But, it is far from the only alternative out there an now it seems Microsoft has targeted the niche as well.
The effort in question is the rather descriptively named Conditional Action Programmer or CAP for short. It comes courtesy of the Microsoft Research team and is still very much in its infancy. IFTTT users will already be familiar with the core concept - create logical flowcharts of actions that link together various conditions and online data to other services and thus pass along information to the user or automate a certain task. A simple example would be getting an SMS or email notification if the weather forecast calls for rain, or automatically syncing photos across various cloud storage platforms - both things IFTTT can handle with ease.
With the Conditional Action Programmer, Microsoft is trying to take things one step further by developing a natural language interface to create tasks. Even in this preliminary stage of development, CAP seems to be doing a great job of speech recognition, which is understandable, since it can benefit from years of experience and progress on other Microsoft tools like Cortana. However, in order to perfect the system, what Microsoft really needs is real user input, which is what you can provide seamlessly, if you start using CAP.
It is currently available for free through a convenient online interface, which you can just pick up and start giving natural language commands to. As we already mentioned, it works surprisingly well, but don't expect to find the versatility and third-party service support of IFTTT in CAP quite yet. Currently, it can communicate with a few other Microsoft platforms, as you would expect. There is also Facebook and Pocket compatibility and a basic set of data sources and communication tools like Email and SMS implemented. The list is sure to grow in the future.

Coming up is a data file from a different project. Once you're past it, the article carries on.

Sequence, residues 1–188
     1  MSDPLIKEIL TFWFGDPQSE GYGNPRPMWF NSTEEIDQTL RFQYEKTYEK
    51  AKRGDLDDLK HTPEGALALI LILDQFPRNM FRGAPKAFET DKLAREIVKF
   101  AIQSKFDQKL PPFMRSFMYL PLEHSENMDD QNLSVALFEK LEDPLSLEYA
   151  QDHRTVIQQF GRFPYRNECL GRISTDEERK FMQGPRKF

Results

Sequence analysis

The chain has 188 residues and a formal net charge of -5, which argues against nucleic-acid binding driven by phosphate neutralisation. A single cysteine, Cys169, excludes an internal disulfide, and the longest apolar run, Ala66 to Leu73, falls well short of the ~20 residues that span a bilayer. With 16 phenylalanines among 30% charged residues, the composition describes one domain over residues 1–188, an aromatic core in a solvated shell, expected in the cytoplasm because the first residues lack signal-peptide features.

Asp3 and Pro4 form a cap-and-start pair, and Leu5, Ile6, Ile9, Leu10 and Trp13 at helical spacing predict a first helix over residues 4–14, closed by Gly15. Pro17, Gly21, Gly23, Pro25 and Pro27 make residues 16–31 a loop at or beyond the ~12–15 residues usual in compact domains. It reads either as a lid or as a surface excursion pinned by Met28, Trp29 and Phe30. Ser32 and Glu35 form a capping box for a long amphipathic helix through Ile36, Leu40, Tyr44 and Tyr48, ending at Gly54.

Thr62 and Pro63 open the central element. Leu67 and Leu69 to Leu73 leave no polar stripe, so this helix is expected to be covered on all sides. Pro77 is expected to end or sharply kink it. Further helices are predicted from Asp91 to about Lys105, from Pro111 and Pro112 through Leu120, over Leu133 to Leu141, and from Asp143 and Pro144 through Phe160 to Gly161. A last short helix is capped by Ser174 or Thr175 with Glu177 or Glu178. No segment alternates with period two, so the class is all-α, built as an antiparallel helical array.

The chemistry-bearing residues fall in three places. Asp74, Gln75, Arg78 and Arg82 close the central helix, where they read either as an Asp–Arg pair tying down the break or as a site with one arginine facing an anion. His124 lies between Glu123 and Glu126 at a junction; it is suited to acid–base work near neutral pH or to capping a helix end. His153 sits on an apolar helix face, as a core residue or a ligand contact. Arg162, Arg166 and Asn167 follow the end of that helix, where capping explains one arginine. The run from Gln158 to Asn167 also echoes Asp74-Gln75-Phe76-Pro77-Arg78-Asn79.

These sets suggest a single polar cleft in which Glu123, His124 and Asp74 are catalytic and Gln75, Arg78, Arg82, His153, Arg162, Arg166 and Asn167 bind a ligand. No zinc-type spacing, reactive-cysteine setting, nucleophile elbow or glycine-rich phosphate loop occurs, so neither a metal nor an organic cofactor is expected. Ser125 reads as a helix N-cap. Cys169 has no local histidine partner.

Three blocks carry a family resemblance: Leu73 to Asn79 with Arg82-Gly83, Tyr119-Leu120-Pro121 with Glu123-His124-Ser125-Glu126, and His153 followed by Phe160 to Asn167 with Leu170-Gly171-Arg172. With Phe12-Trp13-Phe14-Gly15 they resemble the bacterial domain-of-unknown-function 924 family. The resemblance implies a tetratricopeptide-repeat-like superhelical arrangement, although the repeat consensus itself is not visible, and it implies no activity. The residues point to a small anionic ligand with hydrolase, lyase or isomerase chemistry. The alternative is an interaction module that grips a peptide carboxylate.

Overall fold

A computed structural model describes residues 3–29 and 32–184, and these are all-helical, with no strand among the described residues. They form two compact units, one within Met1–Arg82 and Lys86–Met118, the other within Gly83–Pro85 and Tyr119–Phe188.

The Conditional Action Programmer website also mentions an Android app, which should be available on the Play Store, but we had no luck finding it yet. In any case, considering CAP's current capabilities, it is most-likely a convenient alternative interface, rather than a source of other triggers and actions, in a Tasker or Trigger fashion. Speaking of which, however, it will be really interesting to see where Microsoft takes CAP in the future and whether or not it extends on to device automation as well. It all likelyhood, once the platform is perfected, it will probably join Cortana's current voice assistant arsenal and allow it to plan out more complicated tasks than it already can. An awesome prospect to say the least.
Overall CAP is definitely worth keeping an eye on and perhaps even contributing to, if it piqued your interest.